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Part 2: Intellectual Integrity and Depression Recovery

Just because you think you know something, doesn’t mean that something is true.  That something could be flat-out false.  That something could be partially true but lacking in full context.

In order to recovery from depression, you need to strive for intellectual integrity.  Integrity can be defined as adhering to a code of ethics, and that certainly is a good thing; but the integrity I mean here is a bit different.  Intellectual integrity is like structural integrity.  When something has structural integrity, there are no gaps or weaknesses to create instability.  When you believe something that isn’t the truth or is only partially true, you leave yourself open to gaps and weaknesses that undermine intellectual integrity.

One of the keys to overcoming depression is to honestly and realistically evaluate your life and determine whether what you think you know is really the truth.  As much as possible, develop a plan to accept those things that are unchangeable and a plan to change those that you can.

Please recognize, you may be reluctant to do this for fear that it will make you even more depressed.  Remaining tied to false truths and half-truths may seem more comforting that living life in the glare of intellectual honesty.  If you feel that way, aren’t you tired of living your life while feeling like a spectator instead of an active participant with the power to choose your own course?  Unless you take intentional action, chances are that circumstances won’t force a change to the positive.

It’s time to take control and look at where you are in your life.  It’s time to actively and intentionally participate in the course of your life, shoring up your intellectual integrity by understanding and accepting the truth of who you are.

  • If you have developed a pattern of tying self-worth to activity, you may find it difficult to let go of some of the things you are doing.
  • If you have developed a pattern of believing in your own incompetence, taking on new activities may frighten you with a potential for failure.
  • If you have developed a pattern of being afraid of making mistakes, an honest appraisal of why you are engaging in an activity may be uncomfortable, because of needed changes it might reveal.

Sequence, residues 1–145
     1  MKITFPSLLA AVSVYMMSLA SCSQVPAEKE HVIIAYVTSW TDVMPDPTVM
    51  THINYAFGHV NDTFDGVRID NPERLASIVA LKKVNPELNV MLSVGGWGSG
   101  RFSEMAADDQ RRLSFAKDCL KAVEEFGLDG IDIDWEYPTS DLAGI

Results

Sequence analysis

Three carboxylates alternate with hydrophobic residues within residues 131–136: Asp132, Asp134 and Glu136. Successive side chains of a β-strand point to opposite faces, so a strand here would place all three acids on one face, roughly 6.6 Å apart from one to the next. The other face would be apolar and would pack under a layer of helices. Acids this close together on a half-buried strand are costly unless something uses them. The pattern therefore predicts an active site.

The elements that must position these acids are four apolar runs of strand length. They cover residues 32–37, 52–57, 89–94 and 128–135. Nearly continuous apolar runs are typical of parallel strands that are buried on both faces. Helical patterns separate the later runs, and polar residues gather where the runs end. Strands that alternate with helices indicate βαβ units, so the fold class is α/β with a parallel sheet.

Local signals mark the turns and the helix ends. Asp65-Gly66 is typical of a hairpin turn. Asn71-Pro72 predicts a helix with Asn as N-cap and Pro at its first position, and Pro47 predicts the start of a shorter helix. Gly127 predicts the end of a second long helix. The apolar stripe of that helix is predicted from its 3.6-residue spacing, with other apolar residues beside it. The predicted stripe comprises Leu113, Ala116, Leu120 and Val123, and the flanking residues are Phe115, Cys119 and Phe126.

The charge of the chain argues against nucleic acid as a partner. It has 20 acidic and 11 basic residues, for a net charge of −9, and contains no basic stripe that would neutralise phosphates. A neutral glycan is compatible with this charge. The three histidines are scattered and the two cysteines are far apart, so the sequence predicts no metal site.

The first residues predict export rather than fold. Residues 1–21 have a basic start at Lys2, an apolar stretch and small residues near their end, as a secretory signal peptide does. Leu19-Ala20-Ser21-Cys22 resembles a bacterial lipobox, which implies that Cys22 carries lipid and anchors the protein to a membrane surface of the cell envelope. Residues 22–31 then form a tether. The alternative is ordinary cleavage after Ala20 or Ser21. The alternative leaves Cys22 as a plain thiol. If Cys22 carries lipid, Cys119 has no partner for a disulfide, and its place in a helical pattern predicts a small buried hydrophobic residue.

In order to continue taking stock of your life, you will need to press on.  Don’t let any initial hesitation stop you from being honest with yourself.

Your perspective on life is based upon what you “know.”  These “truths” are often forged in childhood.  If what you “know” is framed in negativity, your perceptions and expectations may also be negative.  Another way to think of this “knowledge” is as a filter through which you view your life.  Some people who seem perennially happy are said to view life through rose-colored glasses. Their filter is weighted on the side of the positive.  In depression, life is viewed through gray-colored glasses.  Life appears negative, oppressive, and filled with shadows.

One of the main areas that may need to be changed in order to overcome depression is what you “know” about life:

  • If you “know” that life consistently treats you unfairly, then the inevitable ups and downs of life are filtered through that perception.  If you “know” that life is supposed to always be smooth sailing, the inevitable ups and downs can cause great anxiety.  Down times are not put into a proper perspective, because you don’t consider them to be legitimate.  Down times are supposed to happen to other people but not you.  If you’re unprepared to deal with these down times, confusion, frustration, and depression can result.
  • If you “know” that you don’t really deserve to be happy, you will filter the events of your life to make sure you aren’t.  Good things will be met with suspicion, and bad things will be accepted as inevitable.
  • If you “know” that the only way for you to be safe is to be in control, you will have a heightened sense of anxiety over life events.  Since people are rarely in total control over their environment and never in control of other people, this “knowledge” leaves a persistent, nagging feeling of insecurity.  This perpetual sense of unease can lead to anxiety and depression.

Life does not always flow smoothly.  Circumstances can alter the most carefully constructed life.  Traumatic events will be part of each of our lives.  That we cannot change.  What we can change, however, is our response to those traumatic events.  If the fundamental foundation for what we know about life is based on negativity, we will have little support when bad things happen.